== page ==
Wednesday, June 29, 2011

El Caballero del Santiago

Last night, New York Mets shortstop Jose Reyes played in the 1,000th game of his career. The 28-year-old from Santiago in the Dominican notched four hits in a single game for the fourth time this season. He also scored three times and stole a base as the Mets routed the Detroit Tigers at Comerica Park. Such a stat line is turning into a pedestrian night at the ballpark for this player whose churning legs propel him around the bases like one of those thin, streamlined Top Fuel dragsters that needs a parachute to stop before it bursts into flames.

Just outside Detroit's picturesque ballpark is a statue Tigers Hall of Famer Ty Cobb sliding, presumably into third. Widely considered the greatest ballplayer in the Deadball Era and arguably the most devastating non-power hitter that the game has ever seen, Cobb is a big enough deal that the one and only Tommy Lee jones portrayed him in a biopic. Such honors are not accorded to just any Texas Ranger sharing a house and learning life lessons with collegiate cheerleaders person.

Among Reyes' four hits was a triple in the fourth. It was his 98th career triple. The swipe was the 360th of his career. According to the Elias Sports Bureau, the only other player with as many triples and stolen bases in his first 1,000 career games — since 1898, when the modern stolen base rule was enacted — was that very same Cobb, who had 106 triples and 391 steals.

Let's just take a moment to consider this fact: Jose Reyes, the very same player who becomes a free agent at the conclusion of this, thus-far, entertaining campaign, has begun his career with statistics that had previously only been achieved by Ty Fucking Cobb, the guy who earned the most Hall of Fame induction votes among the inaugural class to be enshrined in Cooperstown.

The signature image of Cobb - nicknamed the "Georgia Peach" in honor of his home and talent - is one of him recklessly tearing into third base with dirt flying and his spikes sharpened. According to Wikipedia, the Detroit Free Press (or the FREEP for those in the know) once referred to Cobb as "daring to the point of dementia." And, I'm pretty sure that the New York tabloids have said mostly the same about Reyes over the years. Fittingly, the increasingly recognizable freeze frame of Reyes is also one of him taking third like a flash flood. Except Reyes is coming, dirt still flying, arms extended and head first. Unlike the cantankerous Cobb, Reyes is joyful and effervescent in his play. He isn't trying to spike the third baseman to clear his path. Rather, he's going to pop up and throw his claw or whatever his celebratory hand gesture de jour is back to his wide-eyed teammates in the dugout. Cobb's critics didn't like him because they claimed he was a sonufabitch whereas Reyes' claim that he reminds them to much of their own overzealous and overconfident sons. Given the choice of head first or spikes first, I'd rather root for the smile.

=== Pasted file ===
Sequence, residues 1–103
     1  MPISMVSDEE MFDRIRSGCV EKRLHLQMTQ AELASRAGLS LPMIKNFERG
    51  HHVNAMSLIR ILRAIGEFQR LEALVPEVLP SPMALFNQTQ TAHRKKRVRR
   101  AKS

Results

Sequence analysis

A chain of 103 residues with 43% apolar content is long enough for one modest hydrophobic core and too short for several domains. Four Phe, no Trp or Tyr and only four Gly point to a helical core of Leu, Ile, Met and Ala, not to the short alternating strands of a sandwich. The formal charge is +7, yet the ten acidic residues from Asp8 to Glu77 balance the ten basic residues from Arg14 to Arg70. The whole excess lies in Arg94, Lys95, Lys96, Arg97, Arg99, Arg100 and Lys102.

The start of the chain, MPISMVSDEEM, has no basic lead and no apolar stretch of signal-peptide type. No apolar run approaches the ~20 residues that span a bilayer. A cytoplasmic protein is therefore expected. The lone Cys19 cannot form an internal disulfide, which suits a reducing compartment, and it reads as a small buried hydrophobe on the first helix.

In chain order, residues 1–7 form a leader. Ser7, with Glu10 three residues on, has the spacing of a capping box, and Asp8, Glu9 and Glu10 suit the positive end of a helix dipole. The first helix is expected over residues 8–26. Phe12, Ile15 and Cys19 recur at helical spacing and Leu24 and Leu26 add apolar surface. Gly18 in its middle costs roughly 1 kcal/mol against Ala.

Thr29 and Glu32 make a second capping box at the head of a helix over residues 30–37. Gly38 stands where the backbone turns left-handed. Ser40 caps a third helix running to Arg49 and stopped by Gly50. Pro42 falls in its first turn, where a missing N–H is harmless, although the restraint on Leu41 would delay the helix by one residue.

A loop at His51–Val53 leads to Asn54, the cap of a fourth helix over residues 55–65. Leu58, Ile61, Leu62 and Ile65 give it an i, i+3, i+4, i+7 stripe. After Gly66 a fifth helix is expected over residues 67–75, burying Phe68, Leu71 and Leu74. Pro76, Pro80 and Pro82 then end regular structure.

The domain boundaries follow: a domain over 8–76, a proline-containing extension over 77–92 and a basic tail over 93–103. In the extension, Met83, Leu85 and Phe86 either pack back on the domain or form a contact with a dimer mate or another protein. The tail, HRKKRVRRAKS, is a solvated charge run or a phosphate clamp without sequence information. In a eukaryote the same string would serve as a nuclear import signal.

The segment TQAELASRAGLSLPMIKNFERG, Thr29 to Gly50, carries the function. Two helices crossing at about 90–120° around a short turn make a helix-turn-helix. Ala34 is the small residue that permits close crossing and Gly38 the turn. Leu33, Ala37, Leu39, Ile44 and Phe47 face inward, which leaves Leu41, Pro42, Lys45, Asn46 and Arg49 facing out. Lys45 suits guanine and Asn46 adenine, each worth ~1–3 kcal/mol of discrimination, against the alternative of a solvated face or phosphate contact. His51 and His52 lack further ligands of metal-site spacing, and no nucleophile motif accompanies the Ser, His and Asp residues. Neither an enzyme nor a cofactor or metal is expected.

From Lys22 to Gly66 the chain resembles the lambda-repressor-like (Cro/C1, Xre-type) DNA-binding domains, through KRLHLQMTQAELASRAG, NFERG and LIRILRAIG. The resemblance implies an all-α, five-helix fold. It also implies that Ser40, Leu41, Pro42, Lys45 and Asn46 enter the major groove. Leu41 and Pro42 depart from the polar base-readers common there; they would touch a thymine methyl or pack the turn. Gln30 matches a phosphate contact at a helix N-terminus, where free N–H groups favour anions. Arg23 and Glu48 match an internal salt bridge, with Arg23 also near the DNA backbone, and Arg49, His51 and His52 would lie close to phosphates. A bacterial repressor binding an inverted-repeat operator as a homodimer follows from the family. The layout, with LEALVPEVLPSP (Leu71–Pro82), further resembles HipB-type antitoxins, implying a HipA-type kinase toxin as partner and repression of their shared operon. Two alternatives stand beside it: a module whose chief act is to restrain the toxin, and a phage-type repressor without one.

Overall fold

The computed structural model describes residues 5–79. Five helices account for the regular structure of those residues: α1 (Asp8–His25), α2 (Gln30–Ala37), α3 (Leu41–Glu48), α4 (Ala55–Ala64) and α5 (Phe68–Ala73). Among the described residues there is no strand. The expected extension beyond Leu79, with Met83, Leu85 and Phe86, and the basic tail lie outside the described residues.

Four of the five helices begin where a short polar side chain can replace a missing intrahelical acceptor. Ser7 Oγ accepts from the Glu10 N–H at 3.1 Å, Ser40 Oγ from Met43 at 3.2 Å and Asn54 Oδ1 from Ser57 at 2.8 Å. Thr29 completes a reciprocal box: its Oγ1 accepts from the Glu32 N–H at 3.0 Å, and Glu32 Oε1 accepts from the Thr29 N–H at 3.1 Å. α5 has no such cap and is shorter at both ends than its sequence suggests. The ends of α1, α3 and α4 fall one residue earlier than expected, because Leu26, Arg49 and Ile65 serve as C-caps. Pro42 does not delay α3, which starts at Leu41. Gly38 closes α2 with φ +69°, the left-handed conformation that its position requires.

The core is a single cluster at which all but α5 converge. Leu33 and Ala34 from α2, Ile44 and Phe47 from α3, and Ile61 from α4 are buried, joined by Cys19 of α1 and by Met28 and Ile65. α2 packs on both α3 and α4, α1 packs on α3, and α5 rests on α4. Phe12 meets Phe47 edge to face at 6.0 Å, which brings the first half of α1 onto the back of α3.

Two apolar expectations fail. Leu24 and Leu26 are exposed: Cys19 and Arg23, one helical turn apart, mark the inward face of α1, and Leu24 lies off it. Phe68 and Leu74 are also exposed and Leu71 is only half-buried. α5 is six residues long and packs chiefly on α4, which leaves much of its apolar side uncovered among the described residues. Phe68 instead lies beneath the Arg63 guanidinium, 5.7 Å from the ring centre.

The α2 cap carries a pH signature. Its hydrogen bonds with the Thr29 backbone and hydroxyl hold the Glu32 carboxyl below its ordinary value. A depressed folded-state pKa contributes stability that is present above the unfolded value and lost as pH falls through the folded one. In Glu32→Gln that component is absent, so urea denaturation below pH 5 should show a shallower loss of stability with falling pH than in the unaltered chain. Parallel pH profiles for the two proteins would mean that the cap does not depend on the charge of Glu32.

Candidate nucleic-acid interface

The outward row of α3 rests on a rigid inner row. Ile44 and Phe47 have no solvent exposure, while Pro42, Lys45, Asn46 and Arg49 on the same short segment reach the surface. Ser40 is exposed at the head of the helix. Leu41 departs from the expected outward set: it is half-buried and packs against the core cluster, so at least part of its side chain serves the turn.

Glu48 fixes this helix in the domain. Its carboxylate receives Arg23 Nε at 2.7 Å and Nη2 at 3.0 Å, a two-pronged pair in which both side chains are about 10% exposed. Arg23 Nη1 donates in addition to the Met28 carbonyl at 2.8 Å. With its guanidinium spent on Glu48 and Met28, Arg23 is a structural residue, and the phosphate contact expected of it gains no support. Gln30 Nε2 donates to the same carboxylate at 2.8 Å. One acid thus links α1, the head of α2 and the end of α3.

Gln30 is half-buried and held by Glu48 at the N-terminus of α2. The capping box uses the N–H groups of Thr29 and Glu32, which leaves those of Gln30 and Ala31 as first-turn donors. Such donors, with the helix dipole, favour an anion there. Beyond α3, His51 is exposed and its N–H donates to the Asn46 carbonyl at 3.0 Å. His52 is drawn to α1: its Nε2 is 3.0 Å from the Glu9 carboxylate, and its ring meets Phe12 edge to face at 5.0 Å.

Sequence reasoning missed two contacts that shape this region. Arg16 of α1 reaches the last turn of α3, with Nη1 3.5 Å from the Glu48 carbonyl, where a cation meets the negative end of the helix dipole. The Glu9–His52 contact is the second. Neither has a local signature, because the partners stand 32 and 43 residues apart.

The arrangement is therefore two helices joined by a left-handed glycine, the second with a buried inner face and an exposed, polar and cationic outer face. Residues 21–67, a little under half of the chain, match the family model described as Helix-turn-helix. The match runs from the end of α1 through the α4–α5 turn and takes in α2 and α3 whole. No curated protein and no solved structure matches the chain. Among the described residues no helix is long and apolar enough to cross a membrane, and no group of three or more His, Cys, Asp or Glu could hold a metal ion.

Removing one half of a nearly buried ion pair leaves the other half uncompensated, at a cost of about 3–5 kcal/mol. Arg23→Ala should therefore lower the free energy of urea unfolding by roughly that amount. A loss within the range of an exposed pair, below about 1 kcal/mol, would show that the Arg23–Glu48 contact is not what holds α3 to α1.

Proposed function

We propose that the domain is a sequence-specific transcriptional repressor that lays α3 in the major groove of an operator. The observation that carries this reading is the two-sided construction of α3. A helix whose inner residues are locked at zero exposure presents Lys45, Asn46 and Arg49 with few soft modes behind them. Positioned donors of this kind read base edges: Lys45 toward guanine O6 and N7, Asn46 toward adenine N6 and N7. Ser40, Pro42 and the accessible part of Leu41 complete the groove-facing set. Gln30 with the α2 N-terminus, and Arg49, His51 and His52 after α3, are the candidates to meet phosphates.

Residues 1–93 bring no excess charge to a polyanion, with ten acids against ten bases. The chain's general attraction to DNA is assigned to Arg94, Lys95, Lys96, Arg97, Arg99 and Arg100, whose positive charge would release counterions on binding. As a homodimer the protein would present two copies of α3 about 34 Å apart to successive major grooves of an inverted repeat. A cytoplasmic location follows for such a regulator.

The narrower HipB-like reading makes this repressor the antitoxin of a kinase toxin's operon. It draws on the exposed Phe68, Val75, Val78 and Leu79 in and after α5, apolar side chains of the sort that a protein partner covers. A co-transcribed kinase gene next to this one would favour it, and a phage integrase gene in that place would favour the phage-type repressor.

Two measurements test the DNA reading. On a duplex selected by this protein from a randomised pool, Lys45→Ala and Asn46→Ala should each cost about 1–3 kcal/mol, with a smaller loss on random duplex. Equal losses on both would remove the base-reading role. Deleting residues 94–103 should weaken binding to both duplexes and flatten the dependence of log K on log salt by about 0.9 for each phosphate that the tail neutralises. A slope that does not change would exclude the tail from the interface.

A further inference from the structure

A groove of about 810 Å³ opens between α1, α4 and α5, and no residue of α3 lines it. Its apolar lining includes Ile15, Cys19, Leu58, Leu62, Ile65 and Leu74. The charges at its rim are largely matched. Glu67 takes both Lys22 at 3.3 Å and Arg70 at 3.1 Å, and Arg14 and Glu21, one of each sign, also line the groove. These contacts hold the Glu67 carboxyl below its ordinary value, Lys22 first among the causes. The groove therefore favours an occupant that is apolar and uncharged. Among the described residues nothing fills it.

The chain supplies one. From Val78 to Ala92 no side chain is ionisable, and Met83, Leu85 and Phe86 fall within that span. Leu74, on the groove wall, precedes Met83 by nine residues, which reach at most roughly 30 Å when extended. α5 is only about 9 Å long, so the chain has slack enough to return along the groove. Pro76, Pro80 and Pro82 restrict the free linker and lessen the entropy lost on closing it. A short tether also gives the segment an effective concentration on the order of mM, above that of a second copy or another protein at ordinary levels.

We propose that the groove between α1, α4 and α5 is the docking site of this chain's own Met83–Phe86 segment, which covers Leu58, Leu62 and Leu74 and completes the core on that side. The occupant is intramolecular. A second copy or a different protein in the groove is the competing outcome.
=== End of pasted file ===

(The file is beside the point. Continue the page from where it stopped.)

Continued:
For all his irrepressible athleticism and the deluge of base hits that got him to this point, I was particularly impressed by the patience Reyes showed in the final at-bat of his 1,000th game. I hope it points towards the player that Reyes will continue to become for whomever he plays the next 1,000 games of his career. With the Mets staked to a 13-2 lead in the 7th inning, Mets manager Terry Collins let Reyes take one last at-bat before pulling him from the game. With two singles, a double and a triple already scratched into our scorecards, he was one home run from the cycle. Collins only let him come to bat to try for that longball.

Reyes showed a modicum of patience by taking three balls that weren't particularly close to open the at-bat. Sitting 3-0 and sitting on the cycle, I'd have to think that he had the greenlight, or, at the very least, would be forgiven for running the red. But Reyes stood, bat on shoulder, and watched a strike come right down the middle. The count was 3-1 and it was clear that he was never, not even for a second, tempted to impulsively hack at that pitch. The next offering was another ball. Reyes took it, contentedly. He trotted down to first base with a wide smile on his face, where Ruben Tejada came in to pinch-run for him. That walk was Reyes' 26th of the season to go with the same number of strikeouts. In 2010, he notched just 31 in 133 games. I'd like to think that Mets' OBP-oriented brass took note of that at-bat.